This article is the first of a four-part series published earlier this year, to bring awareness of the security controls and data services built into the Qumulo File Data Platform, as well as security best practices against malware.
Introduction to Qumulo’s Security Architecture and Security Controls
Malware attacks are on the rise in quality and quantity, creating large impacts on businesses around the world. Recent attacks such as WannaCry, CryptoLocker.F, TorrentLockerhave and Petya (to name a few) infected hundreds of thousands of computers and other IT systems and caused millions, if not billions of dollars of damage to all kinds of businesses. Having a well thought through sehttps://www.intego.com/mac-security-blog/wannacry-and-the-state-of-mac-ransomware/curity architecture is critical for all IT infrastructure environments on premises and on the cloud.
The Qumulo File Data Platform includes a broad spectrum of modern technologies and data services to support holistic security architectures. This series of articles covers Qumulo’s security architecture and best practices to counter malware, in four parts:
- Introduction to Qumulo’s Software Architecture
- Preventive Security Controls
- Detective Security Controls
- Corrective Security Controls
The Qumulo Software Architecture
The Qumulo File Data Platform is a scale out, software-only, NAS (Network Attached Storage) architecture. As such, Qumulo presents standard network protocols such as the Windows Server Message Block (SMB) protocol and the Unix/Linux Network File System (NFS) protocol to clients over a standard IPv4 or IPv6 connection. Qumulo provides several data services such as snapshots, replication, quotas, auditing, and role-based access control to protect your data.
As clients connect to the Qumulo cluster they issue requests to specific files for common read/write/modify/delete operations. The file system fulfills the requests and serves the files back to the customer over the protocol used by the client issuing the request (SMB/NFS).
Multiple “nodes” running Qumulo Core are combined to create a scale-out NAS cluster and a single volume (a single name-space). Connections are distributed between nodes to optimize performance and capacity.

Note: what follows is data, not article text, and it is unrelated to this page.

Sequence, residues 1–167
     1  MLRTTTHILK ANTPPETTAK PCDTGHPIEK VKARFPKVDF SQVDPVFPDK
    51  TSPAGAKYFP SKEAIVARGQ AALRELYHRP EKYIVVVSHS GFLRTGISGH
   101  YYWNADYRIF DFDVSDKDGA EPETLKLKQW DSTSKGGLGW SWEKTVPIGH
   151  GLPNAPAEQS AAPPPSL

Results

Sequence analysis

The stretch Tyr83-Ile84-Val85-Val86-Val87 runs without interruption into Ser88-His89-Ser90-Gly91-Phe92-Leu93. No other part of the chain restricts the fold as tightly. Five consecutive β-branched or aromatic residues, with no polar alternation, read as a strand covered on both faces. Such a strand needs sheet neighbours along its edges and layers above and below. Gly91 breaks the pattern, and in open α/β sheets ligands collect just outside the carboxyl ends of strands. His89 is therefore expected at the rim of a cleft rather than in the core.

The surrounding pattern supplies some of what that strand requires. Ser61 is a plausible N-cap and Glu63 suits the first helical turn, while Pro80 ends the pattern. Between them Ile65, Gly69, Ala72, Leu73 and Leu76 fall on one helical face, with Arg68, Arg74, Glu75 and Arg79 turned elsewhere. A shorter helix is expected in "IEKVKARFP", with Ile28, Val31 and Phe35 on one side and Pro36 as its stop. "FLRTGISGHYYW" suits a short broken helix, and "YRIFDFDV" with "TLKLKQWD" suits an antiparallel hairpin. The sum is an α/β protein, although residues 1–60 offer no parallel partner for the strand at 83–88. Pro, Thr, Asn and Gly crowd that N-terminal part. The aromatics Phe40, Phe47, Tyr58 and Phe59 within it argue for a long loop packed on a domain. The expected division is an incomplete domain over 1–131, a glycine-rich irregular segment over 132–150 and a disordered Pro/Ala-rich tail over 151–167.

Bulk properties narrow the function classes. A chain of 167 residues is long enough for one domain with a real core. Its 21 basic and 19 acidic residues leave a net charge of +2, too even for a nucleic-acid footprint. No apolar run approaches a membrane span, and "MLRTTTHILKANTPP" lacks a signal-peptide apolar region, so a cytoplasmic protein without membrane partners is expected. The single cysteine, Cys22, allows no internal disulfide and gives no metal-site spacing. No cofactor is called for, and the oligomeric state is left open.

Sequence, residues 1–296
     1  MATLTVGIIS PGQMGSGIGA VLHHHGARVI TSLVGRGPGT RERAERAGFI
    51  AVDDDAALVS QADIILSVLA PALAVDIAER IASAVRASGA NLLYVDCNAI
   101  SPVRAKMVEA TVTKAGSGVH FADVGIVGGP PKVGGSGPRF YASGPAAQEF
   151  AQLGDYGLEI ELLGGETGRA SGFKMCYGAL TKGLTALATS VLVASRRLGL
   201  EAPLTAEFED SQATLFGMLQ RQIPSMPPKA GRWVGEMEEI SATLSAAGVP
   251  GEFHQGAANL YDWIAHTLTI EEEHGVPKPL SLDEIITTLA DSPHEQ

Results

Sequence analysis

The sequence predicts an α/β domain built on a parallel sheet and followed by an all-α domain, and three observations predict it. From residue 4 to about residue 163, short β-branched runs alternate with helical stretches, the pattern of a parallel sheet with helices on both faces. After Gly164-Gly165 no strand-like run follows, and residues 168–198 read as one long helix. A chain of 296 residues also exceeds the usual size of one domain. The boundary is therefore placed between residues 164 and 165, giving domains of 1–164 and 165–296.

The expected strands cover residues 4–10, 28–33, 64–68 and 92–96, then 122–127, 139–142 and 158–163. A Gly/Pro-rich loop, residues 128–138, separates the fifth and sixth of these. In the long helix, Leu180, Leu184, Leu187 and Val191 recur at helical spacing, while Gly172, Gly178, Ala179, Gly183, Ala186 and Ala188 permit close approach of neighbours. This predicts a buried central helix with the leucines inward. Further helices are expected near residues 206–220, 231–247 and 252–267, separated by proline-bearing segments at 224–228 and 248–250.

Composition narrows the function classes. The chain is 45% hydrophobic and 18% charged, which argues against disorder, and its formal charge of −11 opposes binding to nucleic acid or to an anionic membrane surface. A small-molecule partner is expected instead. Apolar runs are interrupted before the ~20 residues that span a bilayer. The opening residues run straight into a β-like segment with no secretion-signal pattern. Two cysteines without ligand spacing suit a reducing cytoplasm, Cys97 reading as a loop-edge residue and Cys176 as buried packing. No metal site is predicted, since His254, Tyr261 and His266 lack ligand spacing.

Files written into Qumulo are broken into smaller blocks of data, automatically encrypted and distributed across the nodes in the cluster using a modern erasure coding algorithm.
Qumulo Core runs on various industry-standard hardware and cloud infrastructure platforms including AWS, Azure and Google Cloud. On all these platforms, Qumulo runs the very same code and follows the same management practices which makes it easy to use the security features and apply best practices everywhere. There are more security domains such as compliance, governance and process covered in Qumulo Software Architecture Overview. In, this blog series, we’ll focus on the technical features of the relevant IT systems.
Types of Information Security Controls
For IT systems, the technical security controls fall into three categories. For a complete description of these controls, see: Qumulo Security Architecture and Best Practices to Counter Malware.
- Preventive controls are designed to prevent cybersecurity incidents
- Detective controls detect a cybersecurity breach attempt (“event”) or successful breach (“incident”) while it is in progress, and alert cybersecurity personnel
- Corrective controls are used after a cybersecurity incident to minimize data loss and damage to information systems and restore systems as quickly as possible
Qumulo supports all three of these security controls with different techniques, which are described in the next three articles of this series linked below.
- How to Use Qumulo’s Preventive Controls Against Malware
- How to Use Qumulo’s Detective Controls Against Data Breaches
- How to Use Qumulo’s Corrective Controls to Minimize Data Loss